It should first be noted that, contrary to the People's argument, it is irrelevant whether the People declared themselves ready for trial on the Court's record at the time of the Defendant's arraignment under Docket No. CR-030306-16NA, on November 24, 2016. As previously indicated, this court (Engel, J.) dismissed the prior docket due to the facial insufficiency of the prior accusatory instruments. As such, any declaration of readiness at the time of arraignment thereon would have been illusory. See: People v. Caussade, 162 AD2d 4, 560 N.Y.S.2d 648 (2nd [*6]Dept. 1990) lv. den. 76 NY2d 984, 563 N.Y.S.2d 772 (1990); People v. Van Hoesen, 12 AD3d 5, 783 N.Y.S.2d 89 (3rd Dept. 2004) lv. den. 4 NY3d 804, 795 N.Y.S.2d 179 (2005)

The second thing that should be noted is that the People do not need any information from Docket No. CR-030306-16NA to oppose the Defendant's speedy trial motion under Docket No. CR-018751-17NA. As will be discussed below, the success or failure of the Defendant's speedy trial motion is in no way dependent upon any adjournments which occurred under Docket No. CR-030306-16NA. While this decision will not determine the Defendant's speedy trial motion, by way of explanation, it will generally discuss the dates in question.

The Defendant's speedy trial motion raises four (4) specific adjournments which are alleged to be chargeable to the People: November 23, 2016 to December 12, 2016 [18 days], June 14, 2017 to October 6, 2017 [114 days], October 6, 2017 to October 20, 2017 [14 days] and May 22, 2018 to May 29, 2018 [7 days]. As can be seen, the Defendant alleges that the People are to be charged with a total of one hundred fifty-three (153) days, only eighteen (18) of which are alleged to have transpired under the sealed docket.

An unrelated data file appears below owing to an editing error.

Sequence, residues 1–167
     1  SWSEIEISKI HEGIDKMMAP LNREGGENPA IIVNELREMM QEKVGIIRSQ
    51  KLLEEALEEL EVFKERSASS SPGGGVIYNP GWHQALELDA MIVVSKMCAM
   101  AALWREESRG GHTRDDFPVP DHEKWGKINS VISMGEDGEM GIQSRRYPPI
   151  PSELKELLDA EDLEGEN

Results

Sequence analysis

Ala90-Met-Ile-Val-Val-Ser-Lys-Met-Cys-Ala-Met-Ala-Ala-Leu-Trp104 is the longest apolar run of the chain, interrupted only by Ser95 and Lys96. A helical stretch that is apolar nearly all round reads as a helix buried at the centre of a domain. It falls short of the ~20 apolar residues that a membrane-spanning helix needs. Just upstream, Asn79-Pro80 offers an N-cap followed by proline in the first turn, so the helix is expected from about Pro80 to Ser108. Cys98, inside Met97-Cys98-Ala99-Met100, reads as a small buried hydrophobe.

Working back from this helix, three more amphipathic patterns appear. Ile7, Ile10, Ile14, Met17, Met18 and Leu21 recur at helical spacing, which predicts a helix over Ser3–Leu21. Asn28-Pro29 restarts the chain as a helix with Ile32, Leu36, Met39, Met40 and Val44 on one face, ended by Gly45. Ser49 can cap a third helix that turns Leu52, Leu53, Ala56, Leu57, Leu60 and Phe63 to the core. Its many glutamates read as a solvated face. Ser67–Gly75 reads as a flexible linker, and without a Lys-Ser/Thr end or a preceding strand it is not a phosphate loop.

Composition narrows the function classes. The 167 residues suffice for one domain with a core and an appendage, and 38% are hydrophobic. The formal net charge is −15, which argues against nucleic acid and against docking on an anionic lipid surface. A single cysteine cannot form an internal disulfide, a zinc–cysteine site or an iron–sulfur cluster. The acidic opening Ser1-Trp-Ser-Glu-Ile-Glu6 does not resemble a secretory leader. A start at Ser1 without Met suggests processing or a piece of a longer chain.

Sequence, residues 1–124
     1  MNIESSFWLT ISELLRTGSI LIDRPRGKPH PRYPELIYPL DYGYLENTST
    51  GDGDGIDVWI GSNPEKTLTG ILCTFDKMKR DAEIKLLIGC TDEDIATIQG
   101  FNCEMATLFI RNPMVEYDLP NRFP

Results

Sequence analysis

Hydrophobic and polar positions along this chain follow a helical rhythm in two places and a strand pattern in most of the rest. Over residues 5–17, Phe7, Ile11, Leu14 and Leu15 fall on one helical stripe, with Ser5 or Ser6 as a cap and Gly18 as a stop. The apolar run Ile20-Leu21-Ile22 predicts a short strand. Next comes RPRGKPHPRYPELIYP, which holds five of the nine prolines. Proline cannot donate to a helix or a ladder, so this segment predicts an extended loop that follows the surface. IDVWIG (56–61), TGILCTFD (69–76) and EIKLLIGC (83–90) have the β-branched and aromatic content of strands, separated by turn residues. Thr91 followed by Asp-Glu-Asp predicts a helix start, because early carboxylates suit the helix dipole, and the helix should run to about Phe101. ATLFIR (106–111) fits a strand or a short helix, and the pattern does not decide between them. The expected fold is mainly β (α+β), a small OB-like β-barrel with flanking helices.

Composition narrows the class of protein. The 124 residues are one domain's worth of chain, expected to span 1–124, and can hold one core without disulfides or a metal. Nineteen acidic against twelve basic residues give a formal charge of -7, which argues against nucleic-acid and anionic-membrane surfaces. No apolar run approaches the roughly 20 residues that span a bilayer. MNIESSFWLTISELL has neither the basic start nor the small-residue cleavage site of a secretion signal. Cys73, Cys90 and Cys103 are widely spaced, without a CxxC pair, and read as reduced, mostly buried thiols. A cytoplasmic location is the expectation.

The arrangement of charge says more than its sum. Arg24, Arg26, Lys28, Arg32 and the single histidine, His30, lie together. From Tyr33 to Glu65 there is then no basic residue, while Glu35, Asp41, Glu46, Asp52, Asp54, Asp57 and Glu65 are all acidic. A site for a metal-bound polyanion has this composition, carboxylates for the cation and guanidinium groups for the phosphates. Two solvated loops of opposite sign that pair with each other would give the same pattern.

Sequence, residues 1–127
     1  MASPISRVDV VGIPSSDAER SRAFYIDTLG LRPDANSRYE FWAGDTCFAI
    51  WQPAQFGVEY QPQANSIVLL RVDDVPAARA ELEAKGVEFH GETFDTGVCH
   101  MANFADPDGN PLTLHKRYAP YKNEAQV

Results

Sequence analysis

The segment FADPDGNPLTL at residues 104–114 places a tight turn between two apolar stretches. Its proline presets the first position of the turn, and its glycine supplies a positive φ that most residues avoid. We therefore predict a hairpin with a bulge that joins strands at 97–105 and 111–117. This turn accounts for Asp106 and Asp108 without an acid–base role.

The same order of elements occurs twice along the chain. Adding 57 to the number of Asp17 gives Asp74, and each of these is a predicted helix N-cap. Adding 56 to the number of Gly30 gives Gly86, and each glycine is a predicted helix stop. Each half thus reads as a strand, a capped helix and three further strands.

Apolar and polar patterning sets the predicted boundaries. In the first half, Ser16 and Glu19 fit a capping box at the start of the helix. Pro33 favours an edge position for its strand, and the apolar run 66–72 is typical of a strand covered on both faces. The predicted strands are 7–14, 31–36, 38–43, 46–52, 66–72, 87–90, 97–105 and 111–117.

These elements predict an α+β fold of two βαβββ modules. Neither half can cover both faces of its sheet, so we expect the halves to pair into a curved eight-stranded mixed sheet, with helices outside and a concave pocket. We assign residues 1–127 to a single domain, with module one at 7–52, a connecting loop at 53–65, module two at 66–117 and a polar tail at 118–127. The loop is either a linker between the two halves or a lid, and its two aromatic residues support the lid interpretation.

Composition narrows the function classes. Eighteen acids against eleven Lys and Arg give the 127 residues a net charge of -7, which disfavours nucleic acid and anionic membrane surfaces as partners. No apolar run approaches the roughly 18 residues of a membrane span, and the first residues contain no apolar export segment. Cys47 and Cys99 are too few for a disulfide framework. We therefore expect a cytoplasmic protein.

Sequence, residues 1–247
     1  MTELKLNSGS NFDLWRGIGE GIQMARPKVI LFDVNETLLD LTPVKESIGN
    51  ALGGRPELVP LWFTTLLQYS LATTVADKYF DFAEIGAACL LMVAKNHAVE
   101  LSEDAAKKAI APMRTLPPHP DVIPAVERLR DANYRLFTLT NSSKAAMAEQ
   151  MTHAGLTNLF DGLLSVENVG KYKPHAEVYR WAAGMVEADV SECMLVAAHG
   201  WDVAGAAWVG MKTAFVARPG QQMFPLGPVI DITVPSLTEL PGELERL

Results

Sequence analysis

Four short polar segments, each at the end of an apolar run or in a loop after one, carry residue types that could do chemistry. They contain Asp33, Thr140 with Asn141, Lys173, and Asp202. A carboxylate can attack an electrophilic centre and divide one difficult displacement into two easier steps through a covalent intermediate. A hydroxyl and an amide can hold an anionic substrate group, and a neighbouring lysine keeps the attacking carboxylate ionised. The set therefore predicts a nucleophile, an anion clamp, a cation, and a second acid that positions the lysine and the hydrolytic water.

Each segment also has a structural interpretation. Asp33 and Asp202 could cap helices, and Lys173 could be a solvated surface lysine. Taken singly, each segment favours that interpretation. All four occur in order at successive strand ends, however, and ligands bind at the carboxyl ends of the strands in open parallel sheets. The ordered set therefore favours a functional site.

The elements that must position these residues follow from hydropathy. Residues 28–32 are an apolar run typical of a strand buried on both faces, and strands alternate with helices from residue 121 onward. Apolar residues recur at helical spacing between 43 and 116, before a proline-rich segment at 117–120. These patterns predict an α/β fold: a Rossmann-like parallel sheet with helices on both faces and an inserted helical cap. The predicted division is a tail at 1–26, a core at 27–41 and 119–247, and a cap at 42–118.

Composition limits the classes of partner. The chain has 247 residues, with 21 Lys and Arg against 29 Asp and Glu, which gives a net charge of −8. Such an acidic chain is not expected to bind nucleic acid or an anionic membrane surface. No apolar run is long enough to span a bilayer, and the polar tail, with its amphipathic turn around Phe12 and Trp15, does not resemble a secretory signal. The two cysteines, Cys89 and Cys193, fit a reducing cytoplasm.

The longest adjournment in issue in the Defendant's speedy trial motion is the one hundred fourteen (114) days from the dismissal of Docket No. CR-030306-16NA, on June 16, 2017, until the Defendant's arraignment on Docket No. CR-018751-17NA, on October 6, 2017. It is this period which is dipositive of the Defendant's speedy trial motion.

If, for some reason, this entire period is chargeable to the People, it is irrelevant whether the eighteen (18) days in question under Docket No. CR-030306-16NA are charged to the People, as more than ninety (90) days will be chargeable to the People without them. On the other hand, if the period from the issuance of the arrest warrant under Docket No. CR-018751-17NA, on July 25, 2017, until the Defendant's arraignment on Docket No. CR-018751-17NA, on October 6, 2017, a period of seventy-three (73) days, is excluded pursuant to CPL § 30.30(4)(i), then, even if the People are charged with all of the remaining eighty (80) days, the Defendant's speedy trial motion would be without merit. Either way, the eighteen (18) days which have lead the People to bring this motion to unseal Docket No. CR-030306-16NA are irrelevant.

Accordingly, the People's motion to unseal Docket No. CR-030306-16NA is denied.

This constitutes the decision and order of this court.

Dated: December 3, 2018

Hempstead, New York



J.D.C. Footnotes

Footnote 1:Mapp v. Ohio, 367 U.S. 643; 81 S. Ct. 1684 (1961); People v. Huntley, 15 NY2d 22, 255 N.Y.S.2d 838 (1965); Dunaway v. New York, 442 U.S. 200, 99 S. Ct. 2248 (1979)

Footnote 2:As the People note, CPL § 160.50(2), as it previously existed is the same as CPL CPL § 160.50(3) today.